Lucky Rudd set to make West Virginia debut

MORGANTOWN — The West Virginia women’s basketball team is about to get lucky.
More to the point, the Mountaineers (5-2) are about to get North Carolina State transfer Lucky Rudd into their lineup.
With the conclusion of final exams on Friday, Rudd will be eligible to play for the Mountaineers at 4 p.m. Saturday, when they play Eastern Kentucky (1-8), at the Charleston Civic Center.
“It gives us another guard off the bench,” West Virginia coach Mike Carey said. “I think she plays as good as defense as anybody as we have on the team, so that’s good. She can shoot the three and she’s a team player, so we’re excited about her starting.”
Rudd is the daughter of former NBA player Delaney Rudd, who played four seasons in the NBA with Utah and Portland.
She started nine games as a sophomore at N.C. State and averaged 6.5 points per game, before transferring to West Virginia mid-semester.
She appeared in 20 games as a freshman and scored 2.2 points per game.
Coming out of Forest Trail Academy (Kernersville, N.C.), she was a four-star prospect ranked the No. 78 overall national recruit in the 2016 high school class.
Due to NCAA transfer rules, Rudd had to sit out the second semester last season and the first semester this season before becoming eligible.
Carey already has his plan built on how to use her.
“I made her pick up her intensity, because I kept telling her it was time to step it up,” Carey said. “I think she’s going to be nervous. I think what I’ll do is put her in right away and let her throw the ball away about four times and then get her out and then put her back in and she’ll be fine.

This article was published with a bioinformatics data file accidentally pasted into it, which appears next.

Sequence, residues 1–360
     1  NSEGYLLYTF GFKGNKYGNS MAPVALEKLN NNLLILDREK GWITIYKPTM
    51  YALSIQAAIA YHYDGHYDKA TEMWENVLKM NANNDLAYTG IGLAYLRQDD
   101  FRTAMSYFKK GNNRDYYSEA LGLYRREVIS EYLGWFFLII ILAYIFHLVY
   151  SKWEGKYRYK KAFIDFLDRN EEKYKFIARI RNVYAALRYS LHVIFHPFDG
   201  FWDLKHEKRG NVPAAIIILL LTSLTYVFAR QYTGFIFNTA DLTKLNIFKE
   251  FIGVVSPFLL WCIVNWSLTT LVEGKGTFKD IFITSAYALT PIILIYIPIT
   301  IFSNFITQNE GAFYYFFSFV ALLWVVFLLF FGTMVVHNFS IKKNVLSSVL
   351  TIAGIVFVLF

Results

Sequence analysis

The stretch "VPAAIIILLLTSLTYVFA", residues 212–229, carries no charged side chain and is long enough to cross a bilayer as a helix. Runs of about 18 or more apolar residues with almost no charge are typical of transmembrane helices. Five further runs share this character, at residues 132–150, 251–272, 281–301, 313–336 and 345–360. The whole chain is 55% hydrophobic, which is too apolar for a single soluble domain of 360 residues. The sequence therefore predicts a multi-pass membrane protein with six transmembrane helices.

“She’s going to be really nervous. She hasn’t played for a year. We’ll get her in early and let her get the jitters out.”
More than anything else, Rudd’s availability is crucial for a West Virginia team that is battling depth issues.
“She can add scoring and she’s so fast,” West Virginia guard Tynice Martin said. “She can stop the ball on defense and she’s a good defender. We’re looking for somebody who can come off the bench and play some good minutes.”
Four of the Mountaineers starters — Martin, Kysre Gondrezick, Naomi Davenport and Katrina Pardee — are playing more than 30 minutes per game.
Freshman Kari Niblack and senior Theresa Ekhelar have split time at center and freshman point guard Madisen Smith is playing 27 minutes per game, giving the Mountaineers a regular rotation of just seven players.
Rudd’s play could be crucial in helping to keep West Virginia guards fresh throughout the conference season, which begins in less than three weeks.
“Coach Carey has been hard on her lately to get her ready,” Martin said. “She’s coming in right when we stop non-conference play and go straight into conference play.
“People coming in and actually being able to produce, that could be a big game-changer for us.”

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